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Long IslandColumnistsJoye Brown

Proposed tax break for Long Beach project is too much

The Superblock property between Riverside Boulevard and Long

The Superblock property between Riverside Boulevard and Long Beach Boulevard in Long Beach is seen in this photo from Monday May 11, 2015. Photo Credit: Newsday / Alejandra Villa

Joseph J. Kearney, head of Nassau's Industrial Development Agency, said Monday the IDA would take a long, hard look at a request for $128.6 million in tax breaks from developers seeking to build a luxury apartment and retail complex on Long Beach's too-long-vacant Superblock.

And well the IDA should.

Because developers iStar Financial Inc. and AvalonBay Communities Inc. are seeking far too much. And -- with a request that the breaks continue for a quarter of a century -- far too long.

"We had a hearing to get the temperature of the community," Kearney said, referring to a meeting on the request last week that drew some 400 residents. "And that temperature was well over 98.6."

But, really, why would anyone be surprised that Long Beach residents would blister at the notion of essentially having to subsidize an oceanfront development?

Maybe the request might have flown a decade ago. But this is Long Beach, post-superstorm Sandy.

As it is, too many properties look as if the storm raged through two months ago, rather than almost 21/2 years ago. In some instances, residents stopped rebuilding after exhausting their savings; in others, frustrated property owners still are awaiting funding from New York Rising to get things moving again.

Last month, in fact, 11 Long Beach parcels were among the 150 homes damaged by Sandy and other storms bought up by New York State and offered at auction for significantly less than their pre-storm value.

It's against this very real, desperate backdrop that the developers' request has to be considered.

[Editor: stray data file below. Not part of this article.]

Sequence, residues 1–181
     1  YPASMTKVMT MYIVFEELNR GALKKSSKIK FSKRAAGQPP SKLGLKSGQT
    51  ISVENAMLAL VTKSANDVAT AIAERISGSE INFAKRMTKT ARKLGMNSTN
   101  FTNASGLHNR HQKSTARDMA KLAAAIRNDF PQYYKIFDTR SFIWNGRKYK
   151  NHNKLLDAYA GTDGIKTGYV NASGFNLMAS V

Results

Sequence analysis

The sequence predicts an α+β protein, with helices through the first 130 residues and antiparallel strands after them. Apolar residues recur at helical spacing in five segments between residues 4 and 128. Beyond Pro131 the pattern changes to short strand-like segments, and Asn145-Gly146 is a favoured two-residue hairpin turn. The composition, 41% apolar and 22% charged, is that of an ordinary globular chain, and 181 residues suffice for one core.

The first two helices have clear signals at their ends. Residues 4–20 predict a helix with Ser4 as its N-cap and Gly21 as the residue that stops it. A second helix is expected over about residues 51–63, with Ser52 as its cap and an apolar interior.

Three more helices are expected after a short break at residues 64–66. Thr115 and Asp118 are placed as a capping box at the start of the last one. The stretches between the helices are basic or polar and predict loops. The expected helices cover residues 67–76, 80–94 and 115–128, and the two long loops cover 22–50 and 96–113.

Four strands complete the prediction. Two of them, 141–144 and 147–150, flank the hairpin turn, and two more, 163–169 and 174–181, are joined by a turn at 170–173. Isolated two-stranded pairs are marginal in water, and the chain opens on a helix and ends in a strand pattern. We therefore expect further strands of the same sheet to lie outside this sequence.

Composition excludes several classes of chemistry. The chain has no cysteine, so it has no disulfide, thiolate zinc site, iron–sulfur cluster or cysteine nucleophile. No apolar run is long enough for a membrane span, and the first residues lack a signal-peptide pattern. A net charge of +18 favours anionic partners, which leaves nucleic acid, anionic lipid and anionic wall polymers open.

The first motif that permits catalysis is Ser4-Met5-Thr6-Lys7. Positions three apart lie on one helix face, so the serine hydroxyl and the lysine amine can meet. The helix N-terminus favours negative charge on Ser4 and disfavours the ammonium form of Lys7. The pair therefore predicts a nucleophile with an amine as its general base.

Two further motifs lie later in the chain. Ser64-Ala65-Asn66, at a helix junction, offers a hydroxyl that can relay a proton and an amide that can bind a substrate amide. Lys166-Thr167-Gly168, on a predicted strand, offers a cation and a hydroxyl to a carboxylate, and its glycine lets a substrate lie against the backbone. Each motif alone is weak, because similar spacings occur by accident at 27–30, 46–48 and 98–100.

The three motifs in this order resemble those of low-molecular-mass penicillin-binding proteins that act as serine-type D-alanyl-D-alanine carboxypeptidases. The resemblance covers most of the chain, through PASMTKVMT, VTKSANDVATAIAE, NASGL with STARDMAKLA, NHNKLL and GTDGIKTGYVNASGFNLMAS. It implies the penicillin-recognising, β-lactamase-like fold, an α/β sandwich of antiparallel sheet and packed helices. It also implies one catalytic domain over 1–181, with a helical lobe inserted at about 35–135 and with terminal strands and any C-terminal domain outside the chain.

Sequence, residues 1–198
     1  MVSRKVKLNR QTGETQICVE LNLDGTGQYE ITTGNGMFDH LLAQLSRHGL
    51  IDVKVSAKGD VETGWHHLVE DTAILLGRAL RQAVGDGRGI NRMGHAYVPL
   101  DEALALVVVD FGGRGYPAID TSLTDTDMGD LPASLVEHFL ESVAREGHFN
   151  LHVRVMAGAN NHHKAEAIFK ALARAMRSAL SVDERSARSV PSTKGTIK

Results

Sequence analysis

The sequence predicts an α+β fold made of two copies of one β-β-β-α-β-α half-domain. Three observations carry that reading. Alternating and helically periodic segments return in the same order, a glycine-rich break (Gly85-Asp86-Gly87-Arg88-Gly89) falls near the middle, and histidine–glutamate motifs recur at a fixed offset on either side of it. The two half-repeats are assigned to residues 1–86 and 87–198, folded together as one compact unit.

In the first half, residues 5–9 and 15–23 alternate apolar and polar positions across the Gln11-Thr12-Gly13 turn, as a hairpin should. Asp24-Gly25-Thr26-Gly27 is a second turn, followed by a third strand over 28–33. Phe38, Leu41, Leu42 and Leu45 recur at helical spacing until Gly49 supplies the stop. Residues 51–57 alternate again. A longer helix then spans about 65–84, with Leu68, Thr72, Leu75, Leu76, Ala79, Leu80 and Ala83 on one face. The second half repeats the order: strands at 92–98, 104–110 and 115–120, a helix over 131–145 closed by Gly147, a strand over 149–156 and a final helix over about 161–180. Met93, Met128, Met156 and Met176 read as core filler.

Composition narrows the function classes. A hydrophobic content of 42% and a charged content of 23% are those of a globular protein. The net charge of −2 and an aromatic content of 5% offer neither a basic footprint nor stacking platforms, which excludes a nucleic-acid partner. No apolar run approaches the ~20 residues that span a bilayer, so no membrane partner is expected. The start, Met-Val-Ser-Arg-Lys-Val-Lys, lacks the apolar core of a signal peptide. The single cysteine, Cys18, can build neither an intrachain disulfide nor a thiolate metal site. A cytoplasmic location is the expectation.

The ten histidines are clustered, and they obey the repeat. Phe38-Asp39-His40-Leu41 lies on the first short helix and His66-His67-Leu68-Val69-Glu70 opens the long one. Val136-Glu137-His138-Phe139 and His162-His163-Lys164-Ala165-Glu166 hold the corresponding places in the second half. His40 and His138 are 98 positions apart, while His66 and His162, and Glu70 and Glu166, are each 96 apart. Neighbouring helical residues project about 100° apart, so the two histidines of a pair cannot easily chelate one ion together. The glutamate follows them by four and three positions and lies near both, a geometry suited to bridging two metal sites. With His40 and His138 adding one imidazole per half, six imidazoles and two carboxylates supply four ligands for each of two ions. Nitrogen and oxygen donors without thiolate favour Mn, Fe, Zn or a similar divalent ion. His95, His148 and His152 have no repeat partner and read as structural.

Development of the Superblock, located next to the boardwalk, is important. It will bring new residents, businesses and, according to the developers' application, 468 permanent jobs paying between $30,000 and $45,000 a year.

But the request also includes tax breaks that over 25 years would add up to $128.6 million. That's great for developers, who would get the savings; that's rough for Long Beach residents, who would pick up that cost -- and for the city, which would lose sorely needed revenue.

The developers say that the project -- which would include two 15-story towers with 522 luxury apartments and 11,500 square feet of retail space -- can't be built without IDA help.

OK. But should the IDA -- and by extension Long Beach residents -- have to help out that much?

To be fair, other Nassau residential developments have received IDA help. They were built for seniors or residents seeking workforce housing, mostly in neighborhoods near train stations.

But a big tax break for the Long Beach developers, over so long a period for an oceanfront, high-end development -- yes, even with its comparatively few affordable units -- seems a stretch.

Kearney stressed the IDA has not made a decision on the developers' application, saying that the agency would launch its own in-depth review.

That's fine. Because that means there's also time to find some compromise that would get the project up and running with community support.

The city still is making its way back from Sandy, and more tax money will be needed to complete the job.

This seems like the wrong deal for this particular place at this particular time.

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